Does Eating Spicy Food Reduce Inflammation?

When it comes to food, most people have a different idea of what "spicy" means. For example, you might be able to handle, or even enjoy, the heat of a few extra jalapeños on your favorite burger; meanwhile, your friend might start to sweat profusely from one pepperoncini pepper. So how can some people handle spicy foods better than others?

Spicy foods contain a component called capsaicin (per WebMD). They stick to pain receptors, which are likely found on your tongue and digestive tract. In fact, hot peppers are measured in spice by heat units on the Scoville Heat Scale (via the Scoville Heat Scale). The scale measures how much capsaicin is in a pepper, giving you its heat. For example, a pepperoncini has a max heat of 500 Scoville heat units, while the max heat of a jalapeño is 8,000 Scoville heat units (per PepperScale). Keep in mind, some people might just simply find the burning sensation from spicy foods enjoyable, but others downright dislike it, according to McGill University.

The saying "no pain no gain" may be applicable for spicy foods. After all, some experts think there could be added health benefits from eating spicy foods.

Spicy food may reduce inflammation, but it also might promote it

The idea that certain spices can help fight inflammation is hardly new, according to Healthline. In fact, ayurvedic, one of India's oldest medicines, uses customary spices in its medical care (per Johns Hopkins Medicine). Certain spices like ginger and garlic embody anti-inflammatory qualities that have been used to tend to a range of health conditions (via Healthline).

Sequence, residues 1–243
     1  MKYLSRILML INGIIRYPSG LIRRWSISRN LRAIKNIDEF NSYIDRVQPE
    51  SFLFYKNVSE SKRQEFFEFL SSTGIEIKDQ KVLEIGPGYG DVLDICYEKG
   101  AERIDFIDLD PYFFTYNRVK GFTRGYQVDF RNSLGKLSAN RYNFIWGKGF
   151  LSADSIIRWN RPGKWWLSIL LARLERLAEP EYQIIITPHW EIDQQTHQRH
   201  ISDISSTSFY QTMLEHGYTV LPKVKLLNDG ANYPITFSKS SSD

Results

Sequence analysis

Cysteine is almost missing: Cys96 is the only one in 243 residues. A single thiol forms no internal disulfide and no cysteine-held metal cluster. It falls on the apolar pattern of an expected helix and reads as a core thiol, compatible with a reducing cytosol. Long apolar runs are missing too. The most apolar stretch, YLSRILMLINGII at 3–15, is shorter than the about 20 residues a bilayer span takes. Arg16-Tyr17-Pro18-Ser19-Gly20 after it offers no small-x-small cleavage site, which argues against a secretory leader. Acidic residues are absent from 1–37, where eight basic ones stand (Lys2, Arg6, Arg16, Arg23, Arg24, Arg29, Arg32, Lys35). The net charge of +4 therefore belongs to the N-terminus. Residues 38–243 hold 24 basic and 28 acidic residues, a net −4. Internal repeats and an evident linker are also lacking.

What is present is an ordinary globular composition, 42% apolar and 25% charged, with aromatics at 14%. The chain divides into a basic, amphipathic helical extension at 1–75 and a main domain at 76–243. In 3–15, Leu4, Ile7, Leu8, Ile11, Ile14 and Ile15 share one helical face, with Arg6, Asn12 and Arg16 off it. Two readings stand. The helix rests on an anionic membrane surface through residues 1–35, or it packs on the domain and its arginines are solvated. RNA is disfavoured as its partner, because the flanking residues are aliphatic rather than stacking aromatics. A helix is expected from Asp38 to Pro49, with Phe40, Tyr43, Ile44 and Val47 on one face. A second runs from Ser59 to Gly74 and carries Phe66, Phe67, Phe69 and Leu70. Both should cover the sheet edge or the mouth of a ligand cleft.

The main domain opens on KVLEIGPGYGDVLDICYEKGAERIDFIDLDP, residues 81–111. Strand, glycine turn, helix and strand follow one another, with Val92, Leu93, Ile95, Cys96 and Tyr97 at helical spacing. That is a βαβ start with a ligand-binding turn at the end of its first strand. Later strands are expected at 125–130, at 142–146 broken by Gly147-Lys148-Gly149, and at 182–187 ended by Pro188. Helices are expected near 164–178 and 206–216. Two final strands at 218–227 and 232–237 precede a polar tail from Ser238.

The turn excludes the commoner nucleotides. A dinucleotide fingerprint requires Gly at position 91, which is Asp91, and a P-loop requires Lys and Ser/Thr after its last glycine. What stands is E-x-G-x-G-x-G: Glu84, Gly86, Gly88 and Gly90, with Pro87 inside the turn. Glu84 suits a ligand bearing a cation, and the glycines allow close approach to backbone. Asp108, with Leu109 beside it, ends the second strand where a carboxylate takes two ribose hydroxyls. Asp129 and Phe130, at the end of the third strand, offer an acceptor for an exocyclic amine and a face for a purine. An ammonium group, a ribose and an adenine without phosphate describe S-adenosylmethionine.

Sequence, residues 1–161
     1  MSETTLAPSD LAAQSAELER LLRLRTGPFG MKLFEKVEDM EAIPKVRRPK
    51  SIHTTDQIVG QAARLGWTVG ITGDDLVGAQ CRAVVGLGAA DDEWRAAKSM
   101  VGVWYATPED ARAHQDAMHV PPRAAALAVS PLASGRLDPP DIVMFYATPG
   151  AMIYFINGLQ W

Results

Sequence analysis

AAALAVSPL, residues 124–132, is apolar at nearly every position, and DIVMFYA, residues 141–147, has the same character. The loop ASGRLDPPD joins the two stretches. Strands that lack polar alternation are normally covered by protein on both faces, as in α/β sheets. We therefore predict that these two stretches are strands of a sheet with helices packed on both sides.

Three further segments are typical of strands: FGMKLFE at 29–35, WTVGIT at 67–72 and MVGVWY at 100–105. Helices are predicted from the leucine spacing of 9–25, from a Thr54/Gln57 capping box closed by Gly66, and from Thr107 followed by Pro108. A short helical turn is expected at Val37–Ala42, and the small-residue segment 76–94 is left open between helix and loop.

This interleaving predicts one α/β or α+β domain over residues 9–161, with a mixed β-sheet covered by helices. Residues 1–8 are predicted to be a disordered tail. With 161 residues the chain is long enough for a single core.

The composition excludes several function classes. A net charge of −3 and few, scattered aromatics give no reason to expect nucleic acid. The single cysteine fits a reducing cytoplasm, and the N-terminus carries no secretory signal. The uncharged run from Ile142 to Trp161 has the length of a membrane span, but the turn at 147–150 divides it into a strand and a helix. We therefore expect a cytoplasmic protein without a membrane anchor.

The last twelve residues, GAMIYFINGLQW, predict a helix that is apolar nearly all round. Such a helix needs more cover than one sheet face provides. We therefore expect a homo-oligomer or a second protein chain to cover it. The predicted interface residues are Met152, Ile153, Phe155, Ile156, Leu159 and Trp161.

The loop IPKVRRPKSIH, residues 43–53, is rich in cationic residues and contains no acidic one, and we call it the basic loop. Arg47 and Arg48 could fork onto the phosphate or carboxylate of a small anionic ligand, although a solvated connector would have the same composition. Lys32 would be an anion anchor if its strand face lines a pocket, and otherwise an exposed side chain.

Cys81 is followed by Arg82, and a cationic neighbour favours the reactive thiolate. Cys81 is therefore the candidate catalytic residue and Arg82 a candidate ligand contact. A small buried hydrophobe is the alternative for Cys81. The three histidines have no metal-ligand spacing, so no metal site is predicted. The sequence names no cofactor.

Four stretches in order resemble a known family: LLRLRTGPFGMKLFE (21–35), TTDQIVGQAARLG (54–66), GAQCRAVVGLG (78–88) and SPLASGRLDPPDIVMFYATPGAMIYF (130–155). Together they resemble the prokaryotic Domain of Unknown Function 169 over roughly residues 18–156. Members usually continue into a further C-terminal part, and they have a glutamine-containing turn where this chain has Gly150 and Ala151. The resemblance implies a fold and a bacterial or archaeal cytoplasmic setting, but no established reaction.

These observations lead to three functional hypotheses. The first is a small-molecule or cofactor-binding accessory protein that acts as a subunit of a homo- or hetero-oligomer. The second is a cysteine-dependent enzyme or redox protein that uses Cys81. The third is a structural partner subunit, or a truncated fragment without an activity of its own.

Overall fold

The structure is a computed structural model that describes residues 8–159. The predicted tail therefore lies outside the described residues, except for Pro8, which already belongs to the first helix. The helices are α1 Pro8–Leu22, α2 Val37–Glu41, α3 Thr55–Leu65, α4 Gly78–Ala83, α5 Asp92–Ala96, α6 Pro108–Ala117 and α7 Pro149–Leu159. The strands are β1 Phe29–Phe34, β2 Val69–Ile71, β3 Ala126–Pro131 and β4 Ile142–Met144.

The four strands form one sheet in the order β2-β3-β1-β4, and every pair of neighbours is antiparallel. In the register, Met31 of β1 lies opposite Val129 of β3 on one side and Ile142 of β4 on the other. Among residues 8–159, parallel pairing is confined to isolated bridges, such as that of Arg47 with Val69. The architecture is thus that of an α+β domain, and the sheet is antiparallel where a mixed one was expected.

Nevertheless, the majority of research on spicy foods centers on capsaicin, which may improve your metabolism and make it easier to lose weight since it helps you control how much food you consume throughout the day, says the Cleveland Clinic. Additionally, capsaicin has been successfully used to treat a variety of pains and even arthritis (per StatPearls). But not everyone agrees that spicy foods are a guarantee for reducing inflammation. In fact, at times it could end up making things worse (via Eat This, Not That!).

Although there hasn't been a lot of research done on the influence spicy food has on those with inflammatory bowel disease (IBD), for some, spicy food does cause pain or worsen their symptoms, according to Inflammatory Bowel Disease Relief. Dr. Rebecca Tung told Eat This, Not That! that spicy foods can cause inflammation in the gut, which can lead to stomach aches and acne breakouts.

All in all, spicy foods might help some people fight inflammation but can also promote it in others.